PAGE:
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Management of intrapartum category I, II, and III fetal heart rate tracings

Author
George Macones, MD, MSCE
Section Editor
Susan M Ramin, MD
Deputy Editor
Vanessa A Barss, MD, FACOG

INTRODUCTION

Because of high interobserver and intraobserver variability in the interpretation of fetal heart rate (FHR) tracings [1-3], the American College of Obstetricians and Gynecologists (ACOG), the Society for Maternal-Fetal Medicine (SMFM), and the United States National Institute of Child Health and Human Development (NICHD) convened a workshop to standardize definitions and interpretation for electronic fetal monitoring (EFM), propose management guidelines, and develop research questions [4,5]. Major outputs from this workshop were a clear standard for FHR interpretation (table 1) and a three-tier system for the categorization of intrapartum EFM (table 2A). This system has been widely adopted in the United States and elsewhere, and is the basis for this topic.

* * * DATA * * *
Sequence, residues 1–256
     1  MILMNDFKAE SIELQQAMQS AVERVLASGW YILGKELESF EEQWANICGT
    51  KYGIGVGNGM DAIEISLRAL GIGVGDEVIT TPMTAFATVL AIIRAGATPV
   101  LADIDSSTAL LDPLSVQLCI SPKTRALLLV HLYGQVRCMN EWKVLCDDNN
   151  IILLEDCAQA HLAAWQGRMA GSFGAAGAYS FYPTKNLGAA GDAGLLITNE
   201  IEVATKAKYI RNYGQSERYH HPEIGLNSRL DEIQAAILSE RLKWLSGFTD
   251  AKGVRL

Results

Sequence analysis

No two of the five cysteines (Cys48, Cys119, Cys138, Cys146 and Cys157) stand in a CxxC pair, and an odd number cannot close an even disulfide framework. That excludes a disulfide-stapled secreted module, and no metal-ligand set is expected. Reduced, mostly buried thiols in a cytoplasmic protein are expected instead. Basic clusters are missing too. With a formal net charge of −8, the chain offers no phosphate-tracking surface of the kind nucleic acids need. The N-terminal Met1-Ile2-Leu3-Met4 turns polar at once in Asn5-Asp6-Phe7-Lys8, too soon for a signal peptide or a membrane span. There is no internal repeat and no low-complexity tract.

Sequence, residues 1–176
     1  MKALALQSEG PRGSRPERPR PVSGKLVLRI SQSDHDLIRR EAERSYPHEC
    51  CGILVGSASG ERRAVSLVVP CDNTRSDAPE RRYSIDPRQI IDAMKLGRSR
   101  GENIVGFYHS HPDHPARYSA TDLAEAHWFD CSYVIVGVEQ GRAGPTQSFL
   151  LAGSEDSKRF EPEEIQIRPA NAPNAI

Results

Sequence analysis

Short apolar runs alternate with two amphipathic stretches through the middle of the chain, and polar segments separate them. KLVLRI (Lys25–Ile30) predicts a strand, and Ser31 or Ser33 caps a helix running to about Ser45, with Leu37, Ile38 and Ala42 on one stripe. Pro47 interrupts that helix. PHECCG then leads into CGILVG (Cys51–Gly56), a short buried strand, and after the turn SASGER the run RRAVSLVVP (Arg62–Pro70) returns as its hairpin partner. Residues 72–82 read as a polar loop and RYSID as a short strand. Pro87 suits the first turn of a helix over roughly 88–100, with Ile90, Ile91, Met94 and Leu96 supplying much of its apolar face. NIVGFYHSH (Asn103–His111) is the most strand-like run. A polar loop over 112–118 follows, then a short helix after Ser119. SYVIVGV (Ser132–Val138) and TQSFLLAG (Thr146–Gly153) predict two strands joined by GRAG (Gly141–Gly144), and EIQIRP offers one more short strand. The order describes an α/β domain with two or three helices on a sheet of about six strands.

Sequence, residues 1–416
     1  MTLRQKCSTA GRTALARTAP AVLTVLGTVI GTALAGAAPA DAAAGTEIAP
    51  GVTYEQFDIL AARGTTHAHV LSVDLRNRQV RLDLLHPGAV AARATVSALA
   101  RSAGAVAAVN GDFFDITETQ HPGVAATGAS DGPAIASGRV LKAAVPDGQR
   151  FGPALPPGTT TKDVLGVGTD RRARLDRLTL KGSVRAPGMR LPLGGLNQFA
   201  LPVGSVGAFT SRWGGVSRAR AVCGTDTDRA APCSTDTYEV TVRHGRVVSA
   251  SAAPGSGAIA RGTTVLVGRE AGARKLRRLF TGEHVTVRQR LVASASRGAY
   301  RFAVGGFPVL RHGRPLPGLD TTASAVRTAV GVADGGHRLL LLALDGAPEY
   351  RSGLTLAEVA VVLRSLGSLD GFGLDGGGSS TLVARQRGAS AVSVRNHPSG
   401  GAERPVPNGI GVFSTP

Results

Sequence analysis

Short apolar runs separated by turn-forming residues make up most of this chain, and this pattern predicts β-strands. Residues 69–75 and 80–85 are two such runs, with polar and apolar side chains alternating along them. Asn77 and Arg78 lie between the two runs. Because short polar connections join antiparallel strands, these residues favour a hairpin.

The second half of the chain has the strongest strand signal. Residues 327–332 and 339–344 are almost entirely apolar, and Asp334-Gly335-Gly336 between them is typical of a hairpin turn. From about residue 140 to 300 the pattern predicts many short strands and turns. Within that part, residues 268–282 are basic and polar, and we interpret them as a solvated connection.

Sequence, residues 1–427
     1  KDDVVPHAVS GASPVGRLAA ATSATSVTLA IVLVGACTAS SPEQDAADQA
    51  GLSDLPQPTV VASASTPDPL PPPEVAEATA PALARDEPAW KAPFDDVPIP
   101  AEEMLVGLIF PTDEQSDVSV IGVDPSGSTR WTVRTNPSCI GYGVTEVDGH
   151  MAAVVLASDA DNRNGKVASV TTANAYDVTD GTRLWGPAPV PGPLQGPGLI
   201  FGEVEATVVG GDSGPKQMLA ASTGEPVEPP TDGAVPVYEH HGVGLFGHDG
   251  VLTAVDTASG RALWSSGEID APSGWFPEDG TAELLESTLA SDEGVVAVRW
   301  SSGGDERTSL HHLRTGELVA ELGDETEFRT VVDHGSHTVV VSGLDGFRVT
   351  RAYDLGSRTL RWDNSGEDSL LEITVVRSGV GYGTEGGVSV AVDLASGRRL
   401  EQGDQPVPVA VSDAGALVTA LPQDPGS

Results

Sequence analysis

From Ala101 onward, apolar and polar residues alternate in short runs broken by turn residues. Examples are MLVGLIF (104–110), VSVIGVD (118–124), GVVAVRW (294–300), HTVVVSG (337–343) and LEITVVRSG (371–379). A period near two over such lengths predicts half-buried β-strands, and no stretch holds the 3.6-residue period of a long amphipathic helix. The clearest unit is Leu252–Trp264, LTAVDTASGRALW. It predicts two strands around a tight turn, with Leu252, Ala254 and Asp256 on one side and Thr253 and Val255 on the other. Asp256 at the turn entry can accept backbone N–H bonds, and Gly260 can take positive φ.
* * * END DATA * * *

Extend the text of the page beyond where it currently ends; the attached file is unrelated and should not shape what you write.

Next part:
FREQUENCY OF CATEGORY I, II, AND III TRACINGS

In a study of the intrapartum fetal heart rate (FHR) characteristics of over 48,000 patients with a singleton, non-anomalous fetus in term labor at 10 hospitals, category I patterns were observed at some point during labor in over 99 percent of tracings, category II patterns were observed at some point in 84 percent of tracings, and category III patterns were observed at some point in 0.1 percent of tracings [6]. Over the course of labor, the FHR pattern was category I 78 percent of the time, category II 22 percent of the time, and category III 0.004 percent of the time. In the two hours before delivery, category I tracings were less commonly observed, and both category II and category III tracings became more common.

CATEGORY I TRACINGS: DEFINITION AND MANAGEMENT

A category I tracing is defined by (waveform 1):

Baseline rate: 110 to 160 beats per minute (beats per minute [bpm])

Moderate baseline fetal heart rate (FHR) variability (amplitude 6 to 25 bpm)

          

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Literature review current through: Nov 2016. | This topic last updated: Tue Mar 29 00:00:00 GMT+00:00 2016.
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